Freedoms 1 and 3 require source code to be available because studying and modifying software without its source code can range from highly impractical to nearly impossible.
All free-software licenses must grant users all the freedoms discussed above. However, unless the applications' licenses are compatible, combining programs by mixing source code or directly linking binaries is problematic, because of license technicalities. Programs indirectly connected together may avoid this problem.
The Free Software Foundation and the Open Source Initiative both publish lists of licenses that they find to comply with their own definitions of free software and open-source software respectively:
The FSF list is not prescriptive: free-software licenses can exist that the FSF has not heard about, or considered important enough to write about. So it's possible for a license to be free and not in the FSF list. The OSI list only lists licenses that have been submitted, considered and approved. All open-source licenses must meet the Open Source Definition in order to be officially recognized as open source software. Free software, on the other hand, is a more informal classification that does not rely on official recognition. Nevertheless, software licensed under licenses that do not meet the Free Software Definition cannot rightly be considered free software.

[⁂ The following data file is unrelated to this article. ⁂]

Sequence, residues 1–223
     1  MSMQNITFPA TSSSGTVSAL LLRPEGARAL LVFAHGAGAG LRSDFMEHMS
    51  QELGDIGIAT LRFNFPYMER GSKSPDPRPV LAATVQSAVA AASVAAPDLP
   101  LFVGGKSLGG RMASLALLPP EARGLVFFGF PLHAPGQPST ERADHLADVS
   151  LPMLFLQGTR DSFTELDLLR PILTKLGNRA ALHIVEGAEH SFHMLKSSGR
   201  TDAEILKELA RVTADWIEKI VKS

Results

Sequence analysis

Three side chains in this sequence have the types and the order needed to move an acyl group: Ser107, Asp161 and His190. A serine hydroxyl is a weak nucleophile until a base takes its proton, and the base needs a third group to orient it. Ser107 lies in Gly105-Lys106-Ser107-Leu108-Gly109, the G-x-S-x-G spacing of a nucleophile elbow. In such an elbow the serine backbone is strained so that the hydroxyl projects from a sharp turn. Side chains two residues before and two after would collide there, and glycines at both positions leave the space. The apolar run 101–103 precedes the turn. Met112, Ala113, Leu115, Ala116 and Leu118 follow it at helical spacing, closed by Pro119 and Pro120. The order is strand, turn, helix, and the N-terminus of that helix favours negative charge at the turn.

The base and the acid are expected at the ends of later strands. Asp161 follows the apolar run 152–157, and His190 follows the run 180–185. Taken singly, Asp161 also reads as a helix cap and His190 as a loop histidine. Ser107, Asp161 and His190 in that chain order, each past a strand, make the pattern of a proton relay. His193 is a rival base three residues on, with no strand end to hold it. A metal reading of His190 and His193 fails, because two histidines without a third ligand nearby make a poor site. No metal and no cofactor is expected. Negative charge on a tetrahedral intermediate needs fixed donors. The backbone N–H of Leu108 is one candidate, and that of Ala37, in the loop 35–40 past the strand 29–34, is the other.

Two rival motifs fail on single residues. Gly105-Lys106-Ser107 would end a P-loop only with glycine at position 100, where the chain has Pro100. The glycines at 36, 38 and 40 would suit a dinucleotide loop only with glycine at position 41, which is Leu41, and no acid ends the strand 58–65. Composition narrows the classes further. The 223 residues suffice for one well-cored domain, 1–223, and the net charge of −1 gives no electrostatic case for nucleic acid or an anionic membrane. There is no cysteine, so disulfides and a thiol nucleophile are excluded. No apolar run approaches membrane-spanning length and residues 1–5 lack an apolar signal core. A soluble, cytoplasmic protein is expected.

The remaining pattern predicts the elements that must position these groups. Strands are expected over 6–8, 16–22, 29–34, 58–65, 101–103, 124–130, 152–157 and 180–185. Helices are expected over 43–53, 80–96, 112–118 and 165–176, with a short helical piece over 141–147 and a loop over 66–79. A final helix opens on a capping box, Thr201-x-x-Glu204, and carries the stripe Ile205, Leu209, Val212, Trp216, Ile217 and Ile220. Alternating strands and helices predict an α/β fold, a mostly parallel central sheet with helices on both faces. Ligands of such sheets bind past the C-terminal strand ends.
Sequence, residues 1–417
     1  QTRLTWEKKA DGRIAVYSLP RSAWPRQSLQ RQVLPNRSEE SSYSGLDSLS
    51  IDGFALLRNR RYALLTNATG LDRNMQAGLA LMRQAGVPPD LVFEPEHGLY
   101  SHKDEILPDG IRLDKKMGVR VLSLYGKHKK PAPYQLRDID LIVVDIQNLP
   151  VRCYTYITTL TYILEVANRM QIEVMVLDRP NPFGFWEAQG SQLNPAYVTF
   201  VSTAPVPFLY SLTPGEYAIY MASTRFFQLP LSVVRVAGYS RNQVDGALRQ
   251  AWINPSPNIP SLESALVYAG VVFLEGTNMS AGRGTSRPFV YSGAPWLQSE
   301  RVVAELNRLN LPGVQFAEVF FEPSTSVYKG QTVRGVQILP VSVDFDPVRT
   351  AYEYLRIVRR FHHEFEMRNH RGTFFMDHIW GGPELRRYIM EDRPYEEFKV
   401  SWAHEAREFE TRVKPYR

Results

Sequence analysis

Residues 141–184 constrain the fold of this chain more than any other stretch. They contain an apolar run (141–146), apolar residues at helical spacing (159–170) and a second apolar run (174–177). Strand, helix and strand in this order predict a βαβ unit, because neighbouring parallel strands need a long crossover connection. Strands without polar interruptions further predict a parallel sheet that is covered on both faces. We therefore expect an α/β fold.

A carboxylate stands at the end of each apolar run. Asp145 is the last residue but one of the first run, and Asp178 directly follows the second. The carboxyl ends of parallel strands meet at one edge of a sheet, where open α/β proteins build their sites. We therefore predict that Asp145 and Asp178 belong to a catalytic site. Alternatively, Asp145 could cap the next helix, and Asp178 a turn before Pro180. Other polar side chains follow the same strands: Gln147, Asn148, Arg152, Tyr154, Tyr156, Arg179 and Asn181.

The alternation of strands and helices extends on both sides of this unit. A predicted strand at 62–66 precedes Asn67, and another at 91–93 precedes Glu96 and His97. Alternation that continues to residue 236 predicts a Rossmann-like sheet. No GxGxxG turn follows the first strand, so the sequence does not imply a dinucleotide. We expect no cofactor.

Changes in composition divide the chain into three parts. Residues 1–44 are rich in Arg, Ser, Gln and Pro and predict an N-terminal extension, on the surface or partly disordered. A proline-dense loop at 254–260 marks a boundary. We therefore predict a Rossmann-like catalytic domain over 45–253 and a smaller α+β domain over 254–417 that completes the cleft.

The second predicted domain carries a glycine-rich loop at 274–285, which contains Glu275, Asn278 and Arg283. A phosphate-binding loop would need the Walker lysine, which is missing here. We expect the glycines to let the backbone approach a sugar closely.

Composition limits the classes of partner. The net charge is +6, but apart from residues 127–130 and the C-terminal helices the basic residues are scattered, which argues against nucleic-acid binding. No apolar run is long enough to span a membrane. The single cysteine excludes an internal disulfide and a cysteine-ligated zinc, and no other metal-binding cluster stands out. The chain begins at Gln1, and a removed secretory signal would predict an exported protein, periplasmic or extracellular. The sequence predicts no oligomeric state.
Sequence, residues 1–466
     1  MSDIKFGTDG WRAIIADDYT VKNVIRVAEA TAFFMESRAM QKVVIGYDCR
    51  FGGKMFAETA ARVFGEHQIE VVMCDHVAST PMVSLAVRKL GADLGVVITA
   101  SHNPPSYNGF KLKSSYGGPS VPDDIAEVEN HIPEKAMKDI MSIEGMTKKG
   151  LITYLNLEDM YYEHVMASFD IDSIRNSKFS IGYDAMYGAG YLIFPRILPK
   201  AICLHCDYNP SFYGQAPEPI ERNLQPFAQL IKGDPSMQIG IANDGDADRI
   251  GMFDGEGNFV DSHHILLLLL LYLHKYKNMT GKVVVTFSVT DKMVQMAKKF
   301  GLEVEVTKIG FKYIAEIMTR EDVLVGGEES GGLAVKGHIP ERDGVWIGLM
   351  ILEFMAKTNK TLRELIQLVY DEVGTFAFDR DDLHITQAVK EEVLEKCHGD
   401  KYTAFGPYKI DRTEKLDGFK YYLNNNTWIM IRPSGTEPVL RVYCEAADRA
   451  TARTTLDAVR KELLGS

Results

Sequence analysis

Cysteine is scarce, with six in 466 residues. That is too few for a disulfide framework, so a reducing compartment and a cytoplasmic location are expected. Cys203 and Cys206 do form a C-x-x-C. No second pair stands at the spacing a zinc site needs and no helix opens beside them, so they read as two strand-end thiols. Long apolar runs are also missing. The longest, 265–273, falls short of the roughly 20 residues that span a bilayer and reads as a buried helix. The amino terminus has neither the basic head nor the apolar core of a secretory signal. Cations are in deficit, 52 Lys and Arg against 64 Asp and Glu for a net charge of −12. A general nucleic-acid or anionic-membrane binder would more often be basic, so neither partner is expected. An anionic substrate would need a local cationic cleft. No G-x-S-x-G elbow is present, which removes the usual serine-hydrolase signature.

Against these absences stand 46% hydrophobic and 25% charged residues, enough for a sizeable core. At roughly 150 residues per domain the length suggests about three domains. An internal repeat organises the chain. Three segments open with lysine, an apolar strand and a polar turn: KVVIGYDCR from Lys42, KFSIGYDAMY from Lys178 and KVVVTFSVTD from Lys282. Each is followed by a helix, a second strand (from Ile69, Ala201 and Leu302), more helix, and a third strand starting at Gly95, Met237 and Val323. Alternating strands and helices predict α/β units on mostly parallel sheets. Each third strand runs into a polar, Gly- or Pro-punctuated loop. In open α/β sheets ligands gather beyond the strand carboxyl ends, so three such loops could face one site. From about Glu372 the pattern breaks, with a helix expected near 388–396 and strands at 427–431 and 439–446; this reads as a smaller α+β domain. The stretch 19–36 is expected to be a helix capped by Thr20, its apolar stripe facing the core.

"We migrated key functions from Windows to Linux because we needed an operating system that was stable and reliable – one that would give us in-house control. So if we needed to patch, adjust, or adapt, we could."